We recommend that churches, at least once a year, flow chart these two cash flow systems. To help in this process, we suggest they compare their cash flows to the flow of water through the church’s plumbing system. What they should be looking for are any points along the way where one person, by themselves, can turn on a cash flow “faucet”. One of the overlooked phrases in this question is “even for just a few minutes.”
KEY: We are talking minutes, not hours – that’s all it takes for fraud to occur!
To illustrate this point consider what happened at one church. At this particular church one usher serving the balcony, removed all of the cash from the offering plate and stuffed it in his shirt as he made his way down two short flights of stairs. In this case we are talking seconds, not minutes!
Part 6 of our ongoing Fraud Awareness in the Church series will examine Credit Checks. PSK in cooperation with the National Association of Church Business Administration (NACBA) conducted a survey to determine the extent of fraud awareness in the church environment. We asked churches to respond to this statement:
Our church conducts credit checks on financial employees and volunteers.
While almost all churches perform criminal background checks on employees and volunteers serving with children, very, very few extend the background check to financial matters.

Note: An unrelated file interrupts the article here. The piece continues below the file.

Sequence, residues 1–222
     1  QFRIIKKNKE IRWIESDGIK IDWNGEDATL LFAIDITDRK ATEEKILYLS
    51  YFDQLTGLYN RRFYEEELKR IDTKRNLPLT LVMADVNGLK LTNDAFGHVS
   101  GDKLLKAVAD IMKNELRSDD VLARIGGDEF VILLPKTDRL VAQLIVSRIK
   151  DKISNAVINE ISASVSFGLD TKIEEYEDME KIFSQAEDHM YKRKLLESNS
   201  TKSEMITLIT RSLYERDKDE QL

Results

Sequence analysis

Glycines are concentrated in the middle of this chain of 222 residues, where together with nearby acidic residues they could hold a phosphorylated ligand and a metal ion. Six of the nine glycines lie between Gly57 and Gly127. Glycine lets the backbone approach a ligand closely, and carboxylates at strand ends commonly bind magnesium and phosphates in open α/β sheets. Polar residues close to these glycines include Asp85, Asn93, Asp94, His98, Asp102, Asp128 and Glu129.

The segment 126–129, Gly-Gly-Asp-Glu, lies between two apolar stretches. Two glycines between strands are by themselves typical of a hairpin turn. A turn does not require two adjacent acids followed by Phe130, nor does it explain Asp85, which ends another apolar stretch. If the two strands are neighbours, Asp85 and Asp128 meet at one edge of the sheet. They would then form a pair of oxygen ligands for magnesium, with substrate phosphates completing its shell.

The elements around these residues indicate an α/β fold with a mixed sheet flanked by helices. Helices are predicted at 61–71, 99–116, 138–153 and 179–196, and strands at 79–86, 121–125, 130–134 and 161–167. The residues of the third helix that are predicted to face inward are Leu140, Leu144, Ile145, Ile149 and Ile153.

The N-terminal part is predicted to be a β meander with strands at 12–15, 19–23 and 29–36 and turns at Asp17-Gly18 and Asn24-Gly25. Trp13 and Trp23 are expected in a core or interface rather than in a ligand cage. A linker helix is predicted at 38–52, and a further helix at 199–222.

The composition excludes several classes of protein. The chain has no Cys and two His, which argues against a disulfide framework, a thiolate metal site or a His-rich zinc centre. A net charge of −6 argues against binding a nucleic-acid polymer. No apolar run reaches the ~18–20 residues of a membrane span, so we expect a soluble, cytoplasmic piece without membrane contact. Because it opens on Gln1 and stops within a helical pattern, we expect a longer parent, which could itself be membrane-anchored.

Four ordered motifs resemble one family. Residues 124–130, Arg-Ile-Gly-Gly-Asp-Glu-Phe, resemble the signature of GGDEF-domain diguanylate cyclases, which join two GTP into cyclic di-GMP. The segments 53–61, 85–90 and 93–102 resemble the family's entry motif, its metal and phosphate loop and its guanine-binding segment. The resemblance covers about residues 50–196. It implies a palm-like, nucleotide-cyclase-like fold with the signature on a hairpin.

ONE TRUTH – Potential employees in financial difficulty will bring their money problems with them to your church. (This not only applies to business managers, bookkeepers and accountants, but also ministers who are given oversight responsibilities over a portion of the church budget.)
Unfortunately, many churches learn this lesson after the fact. Performing a credit check PRIOR to hiring can prevent a boat load of misery!
Credit checks require a little more work than criminal background checks. The individual must give their permission and there must be a financial reason for conducting the credit check.
KEY: Credit checks on employees and volunteers who oversee financial matters can help flag and prevent potential fraud in the church.
Part 5 of our ongoing Fraud Awareness in the Church series will address Policies and Procedures Manuals. PSK in cooperation with the National Association of Church Business Administration (NACBA) conducted a survey to determine the extent of fraud awareness in the church environment. We asked churches to respond to this statement:
Our church has compiled written financial, accounting, management and personnel policies in a central document such as an accounting and management policy manual.